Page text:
2.) What are the readily apparent main teaching points to be gleaned from this text? Firstly, the Holy One (the Lord Jesus Christ) was not to undergo decay after death. Clearly, it was not promised to David that he would not undergo decay. David's body saw corruption as did the bodies of all believers in Old Testament time and as do all believers in the New Testament time. Secondly, beyond the fact that the Christ did not undergo decay, verse 11 emphasizes the results of Christ's resurrection. Christ's physical body was not merely to be a reanimation of a dead body. In the past, there had been raisings of the dead to life. Lazarus was raised, but was he resurrected? No, he was merely restored to life (reanimated). Similarly, consider the widow's son that Christ raised from the dead, or the widow's son that Elijah raised from the dead. In all these cases the difference was that these individuals were merely reanimated to die again, but Christ was resurrected. He was resurrected not to merely resume life, but toward a future direction. These are recorded for us in verse 11. Firstly, He was resurrected so that He would continue on forevermore in the path of life (never to die again, to contrast with reanimation). Secondly, after being resurrected, He would have fullness of joy, complete and total fellowship with His Father. You know and I know that He always had complete and total fellowship with His Father except for that moment upon Calvary when He bore our sins. After the resurrection, there would never be a break in fellowship with His Father. Thirdly, Christ rose to be restored as the rightful ruler of the entire universe being at the right hand of the Father. Finally, as the supreme ruler, He would have pleasures forever more. In his resurrection, Christ would see, as it says in other passages, the satisfaction of His soul. That having obeyed His Father even to death on the cross, He would be exalted as it says in Philippians 2. Contained, therefore, in this Psalm, is the prophecies of the death, burial and resurrection of Christ. Moreover, we find that Christ's resurrection was unto life, fellowship, and dominion.
This leaves us with the final five, more specific questions of our text.
1.) What is the nature of the resurrection? Clearly, it is referring to a physical resurrection that would not allow Christ's body to remain in the grave and see corruption. Furthermore, according to Acts 13:34, this physical resurrection would be permanent, such that Christ's body was raised to never see corruption. However, this was not only a physical resurrection, but it was a spiritual resurrection also. Remember, that upon death, the Lord Jesus Christ's soul went to Hades/Sheol. The inspired apostles apply not only 10b but also 10a to Christ's resurrection. Peter, in Acts 2:31, emphasizes that it was also Christ's soul that would not be abandoned in Sheol. So, the passage teaches us that there was not merely a physical resurrection of Christ but also a spiritual one as well, in that His soul would not be left in Hades. Notice also that resurrection is more than a permanent reanimation of the body with a soul, but rather it is a resurrection to life, fellowship, and dominion.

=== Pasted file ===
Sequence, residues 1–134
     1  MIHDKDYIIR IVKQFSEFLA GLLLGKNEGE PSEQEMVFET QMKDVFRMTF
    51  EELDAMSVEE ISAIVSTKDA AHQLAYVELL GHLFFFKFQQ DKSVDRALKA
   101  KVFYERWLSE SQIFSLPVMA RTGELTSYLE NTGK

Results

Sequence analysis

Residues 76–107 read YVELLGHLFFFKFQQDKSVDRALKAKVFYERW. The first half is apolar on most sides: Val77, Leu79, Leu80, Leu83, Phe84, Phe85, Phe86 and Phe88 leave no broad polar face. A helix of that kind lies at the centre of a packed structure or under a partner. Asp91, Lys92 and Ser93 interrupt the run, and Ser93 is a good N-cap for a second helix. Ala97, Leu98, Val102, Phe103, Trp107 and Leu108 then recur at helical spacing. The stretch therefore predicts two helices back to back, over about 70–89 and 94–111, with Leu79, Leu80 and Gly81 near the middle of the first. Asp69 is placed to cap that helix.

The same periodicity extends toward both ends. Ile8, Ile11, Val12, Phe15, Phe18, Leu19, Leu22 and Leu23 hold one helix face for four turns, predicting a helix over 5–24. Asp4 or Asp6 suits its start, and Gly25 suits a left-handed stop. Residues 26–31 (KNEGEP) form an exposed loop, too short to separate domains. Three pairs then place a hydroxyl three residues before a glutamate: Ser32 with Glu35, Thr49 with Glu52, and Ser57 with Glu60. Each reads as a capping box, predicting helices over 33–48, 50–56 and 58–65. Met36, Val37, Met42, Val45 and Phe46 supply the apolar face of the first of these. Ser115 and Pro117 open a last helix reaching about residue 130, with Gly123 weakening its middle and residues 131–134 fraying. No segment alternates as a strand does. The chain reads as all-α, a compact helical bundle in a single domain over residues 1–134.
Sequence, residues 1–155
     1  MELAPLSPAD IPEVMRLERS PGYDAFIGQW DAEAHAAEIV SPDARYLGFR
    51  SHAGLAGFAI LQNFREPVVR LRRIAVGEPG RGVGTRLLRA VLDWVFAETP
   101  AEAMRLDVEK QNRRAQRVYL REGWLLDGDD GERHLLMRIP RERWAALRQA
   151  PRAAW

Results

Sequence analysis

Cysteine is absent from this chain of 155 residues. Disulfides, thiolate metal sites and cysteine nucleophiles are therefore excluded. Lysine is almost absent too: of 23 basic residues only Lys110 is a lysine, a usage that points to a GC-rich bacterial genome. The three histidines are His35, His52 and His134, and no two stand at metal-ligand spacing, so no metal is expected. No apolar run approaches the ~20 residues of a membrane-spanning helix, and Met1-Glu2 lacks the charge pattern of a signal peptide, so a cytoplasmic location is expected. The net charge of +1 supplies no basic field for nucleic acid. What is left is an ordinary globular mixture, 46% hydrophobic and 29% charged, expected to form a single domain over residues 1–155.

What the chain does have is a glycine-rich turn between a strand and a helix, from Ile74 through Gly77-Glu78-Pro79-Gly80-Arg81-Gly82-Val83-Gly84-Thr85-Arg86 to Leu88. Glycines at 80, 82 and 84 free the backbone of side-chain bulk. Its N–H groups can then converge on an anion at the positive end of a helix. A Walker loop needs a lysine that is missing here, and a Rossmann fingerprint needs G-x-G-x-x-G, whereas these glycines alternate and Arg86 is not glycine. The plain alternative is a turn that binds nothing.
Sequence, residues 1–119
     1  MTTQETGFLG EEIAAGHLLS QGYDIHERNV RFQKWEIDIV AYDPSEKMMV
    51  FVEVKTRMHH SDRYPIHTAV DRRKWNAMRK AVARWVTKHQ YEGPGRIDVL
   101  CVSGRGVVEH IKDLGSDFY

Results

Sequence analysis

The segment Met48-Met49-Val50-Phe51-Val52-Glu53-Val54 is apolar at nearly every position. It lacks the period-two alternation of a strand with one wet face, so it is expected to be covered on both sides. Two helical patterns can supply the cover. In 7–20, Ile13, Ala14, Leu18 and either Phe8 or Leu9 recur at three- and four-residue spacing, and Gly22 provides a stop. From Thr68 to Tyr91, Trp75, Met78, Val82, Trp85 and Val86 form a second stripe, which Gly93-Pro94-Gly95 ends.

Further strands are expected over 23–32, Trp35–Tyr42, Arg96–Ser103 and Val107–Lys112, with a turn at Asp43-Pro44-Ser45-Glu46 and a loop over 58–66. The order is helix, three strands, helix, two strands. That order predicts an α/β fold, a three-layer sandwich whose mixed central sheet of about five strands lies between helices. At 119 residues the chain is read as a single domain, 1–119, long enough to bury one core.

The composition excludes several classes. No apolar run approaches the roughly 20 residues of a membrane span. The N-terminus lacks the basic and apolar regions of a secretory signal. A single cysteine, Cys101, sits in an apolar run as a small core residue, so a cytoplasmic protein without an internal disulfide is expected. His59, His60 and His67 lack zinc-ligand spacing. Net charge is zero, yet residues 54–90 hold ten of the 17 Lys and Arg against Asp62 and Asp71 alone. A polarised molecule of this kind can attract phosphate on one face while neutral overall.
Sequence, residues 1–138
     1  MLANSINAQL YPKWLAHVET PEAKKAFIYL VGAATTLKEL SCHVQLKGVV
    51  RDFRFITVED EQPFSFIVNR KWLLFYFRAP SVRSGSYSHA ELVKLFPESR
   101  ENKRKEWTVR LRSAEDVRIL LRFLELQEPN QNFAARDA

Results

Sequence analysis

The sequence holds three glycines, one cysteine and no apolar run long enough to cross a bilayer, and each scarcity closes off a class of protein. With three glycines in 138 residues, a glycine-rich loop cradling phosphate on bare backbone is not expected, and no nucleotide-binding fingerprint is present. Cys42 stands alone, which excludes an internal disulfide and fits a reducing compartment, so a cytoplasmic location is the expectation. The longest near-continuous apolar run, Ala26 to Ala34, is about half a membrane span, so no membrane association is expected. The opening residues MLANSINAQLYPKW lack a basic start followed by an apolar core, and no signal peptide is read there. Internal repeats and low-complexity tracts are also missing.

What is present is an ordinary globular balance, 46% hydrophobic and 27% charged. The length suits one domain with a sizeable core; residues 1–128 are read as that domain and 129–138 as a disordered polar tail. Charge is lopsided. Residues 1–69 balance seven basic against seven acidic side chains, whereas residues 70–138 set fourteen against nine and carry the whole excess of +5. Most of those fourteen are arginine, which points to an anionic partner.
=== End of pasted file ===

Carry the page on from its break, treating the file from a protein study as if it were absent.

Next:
2.) Why is this resurrection important to the author? Remember the context. If we return to the beginning verse the Psalmist writes, "Preserve me, O God." Psalms 16:1 (NKJV). We have also learned that verses 8-11 clearly apply to the Lord Jesus Christ as the actual speaker in this Psalm. It is a safe assumption that the entire Psalm is none other than the Lord praying as recorded by the prophet David. So, David, as the author, can take confidence in the fact that the champion of his faith, the Lord Jesus Christ will be resurrected to life, fellowship, and dominion. Furthermore, the Lord Jesus Christ (who is the speaker of the Psalm) can also rest (see verse 8) in the preservation (verse 1) of his soul and body (verses 9-11).
3.) When will this resurrection occur? It would necessarily have to occur soon after the death of the Holy One (Lord Jesus Christ). How do we make that conclusion? If you left the Holy One in the ground very long, he would rot. So, it couldn't be too long. So, we know from the psalm that Christ's resurrection must occur soon after his death. Subsequently, in other Scriptures, we know that the Lord rose the third day.
4.) Who was resurrected? This passage refers to the resurrection of Christ, and to His resurrection alone. Peter makes this clear in Acts 2:31. To apply this verse to all believers is a mis-application of this text. Furthermore, our own experience tells us that believers undergo decay. Therefore, all the discussion concerning this passage is unique because it refers to the unique resurrection of our Lord Jesus Christ.
5.) Does it say how the resurrection occurs? No.
Having finished Psalm 16, we will move to our next Old Testament passage, which happens to be Psalm 17. Psalm 17 is also a Psalm of David. There are some similarities and differences between Psalm 16 and 17. Unlike Psalm 16, this Psalm has very much a sense of urgency in it. Psalm 16 begins with a plea for preservation:
Psalm 16:1 (NKJV) Preserve me, O God, for in You I put my trust.
Notice, however, the beginning of Psalm 17:
Psalm 17:1 (NKJV) Hear a just cause, O LORD, Attend to my cry; Give ear to my prayer which is not from deceitful lips.